Chadd Sayers will retire from first-class cricket next week, ending the career of one of South Australia’s finest.
Sayers has been a standout for South Australia over the last decade, in a period where the state has struggled. This year will be the fourth straight year they’ve finished last.
None of the blame for those performances can be attributed to Sayers, who has taken 278 Sheffield Shield wickets since debuting in March 2011. Only Tasmania’s Jackson Bird (307) has taken more wickets in that time.
His 62 wickets in the 2016-17 season have only been bettered by two other bowlers in the competition’s history, which dates back to 1892.
“I believe the timing is now right for me to step away from first-class cricket at the conclusion of this season,” Sayers said.
“I have enjoyed every moment, the highs and lows, and all the memories in between, but I feel that it is time – I now have a young family and there were no guarantees of a contract next year.
“It has been an absolute honour to play for my home state of South Australia all this time and I’m looking forward to taking the field with the lads one last time this weekend.”
Sayers played his sole Test match during the ill-fated tour of South Africa in 2018, debuting in the fourth Test in Johannesburg, just days after the sandpaper incident exploded.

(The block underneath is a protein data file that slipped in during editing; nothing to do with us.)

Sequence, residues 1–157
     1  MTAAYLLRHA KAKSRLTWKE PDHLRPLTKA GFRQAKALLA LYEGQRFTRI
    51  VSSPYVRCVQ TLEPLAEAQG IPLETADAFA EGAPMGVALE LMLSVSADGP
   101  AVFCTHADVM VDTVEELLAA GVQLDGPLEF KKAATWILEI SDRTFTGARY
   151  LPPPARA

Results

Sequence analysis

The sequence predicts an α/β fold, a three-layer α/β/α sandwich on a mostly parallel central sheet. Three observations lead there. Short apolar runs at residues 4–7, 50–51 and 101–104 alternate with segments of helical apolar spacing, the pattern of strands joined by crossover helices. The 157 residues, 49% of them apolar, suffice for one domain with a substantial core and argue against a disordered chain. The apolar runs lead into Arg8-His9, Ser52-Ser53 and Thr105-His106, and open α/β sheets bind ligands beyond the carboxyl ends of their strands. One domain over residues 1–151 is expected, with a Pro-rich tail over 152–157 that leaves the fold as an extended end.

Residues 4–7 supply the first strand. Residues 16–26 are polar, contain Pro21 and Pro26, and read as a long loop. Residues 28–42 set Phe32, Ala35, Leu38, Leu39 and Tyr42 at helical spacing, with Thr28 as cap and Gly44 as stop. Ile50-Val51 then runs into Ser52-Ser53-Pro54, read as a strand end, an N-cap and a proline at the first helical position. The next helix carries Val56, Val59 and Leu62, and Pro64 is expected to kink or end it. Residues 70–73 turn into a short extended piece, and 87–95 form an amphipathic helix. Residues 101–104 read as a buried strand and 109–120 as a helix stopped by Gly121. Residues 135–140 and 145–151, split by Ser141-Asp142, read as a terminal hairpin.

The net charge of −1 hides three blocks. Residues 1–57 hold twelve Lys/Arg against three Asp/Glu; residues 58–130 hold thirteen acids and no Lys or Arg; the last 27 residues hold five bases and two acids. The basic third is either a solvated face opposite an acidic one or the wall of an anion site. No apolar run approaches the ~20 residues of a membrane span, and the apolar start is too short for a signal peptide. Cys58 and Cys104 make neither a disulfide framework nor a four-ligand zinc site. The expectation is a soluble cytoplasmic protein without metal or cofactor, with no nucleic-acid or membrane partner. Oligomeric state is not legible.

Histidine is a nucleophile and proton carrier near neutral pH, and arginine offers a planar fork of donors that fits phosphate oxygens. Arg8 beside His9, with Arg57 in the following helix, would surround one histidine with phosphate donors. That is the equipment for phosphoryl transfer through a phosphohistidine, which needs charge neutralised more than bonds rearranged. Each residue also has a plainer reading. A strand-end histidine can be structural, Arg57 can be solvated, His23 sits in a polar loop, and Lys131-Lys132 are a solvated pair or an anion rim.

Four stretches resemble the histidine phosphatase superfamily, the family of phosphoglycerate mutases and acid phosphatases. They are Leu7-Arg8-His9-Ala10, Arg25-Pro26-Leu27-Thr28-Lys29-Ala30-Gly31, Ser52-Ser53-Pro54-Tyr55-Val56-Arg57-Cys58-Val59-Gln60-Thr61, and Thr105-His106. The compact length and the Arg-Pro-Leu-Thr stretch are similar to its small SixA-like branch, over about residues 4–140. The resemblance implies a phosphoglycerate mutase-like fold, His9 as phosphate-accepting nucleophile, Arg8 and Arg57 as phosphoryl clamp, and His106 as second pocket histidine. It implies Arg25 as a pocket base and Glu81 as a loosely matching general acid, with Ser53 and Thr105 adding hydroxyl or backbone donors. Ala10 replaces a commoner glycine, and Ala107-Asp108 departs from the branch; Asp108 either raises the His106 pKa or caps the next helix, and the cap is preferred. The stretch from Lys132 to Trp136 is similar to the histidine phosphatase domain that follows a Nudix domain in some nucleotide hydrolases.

Opening the bowling alongside Josh Hazlewood, Sayers took 2-78 and 0-68 as Australia was thrashed by 492 runs, the fourth-largest loss in Test history by runs and the worst since 1934.
Both wickets came late on day one with the second new ball, with Sayers dismissing AB de Villiers and Kagiso Rabada in the space of three deliveries.
On a less positive note, Sayers also became the third Australian, after Mike Whitney and Peter McIntyre, to make a pair on Test debut.
Sayers is South Australia’s leading wicket-taker for 2020-21 but his 12 wickets have cost 47.58 each; it’s the first season since he played his debut match in 2010-11 that his average has been above 33.
South Australian coach, Jason Gillespie, says Sayers retires as one of the state’s greats.
“Everyone at SACA congratulates and thanks Chadd for his impressive and unwavering service to the state for the last decade and wishes him well for the next stage of his life, including enjoying time with his young family,” he said.
“Chadd will always be welcome through the gates of Adelaide Oval and he will remain a benchmark for our bowlers and young players for years to come.”
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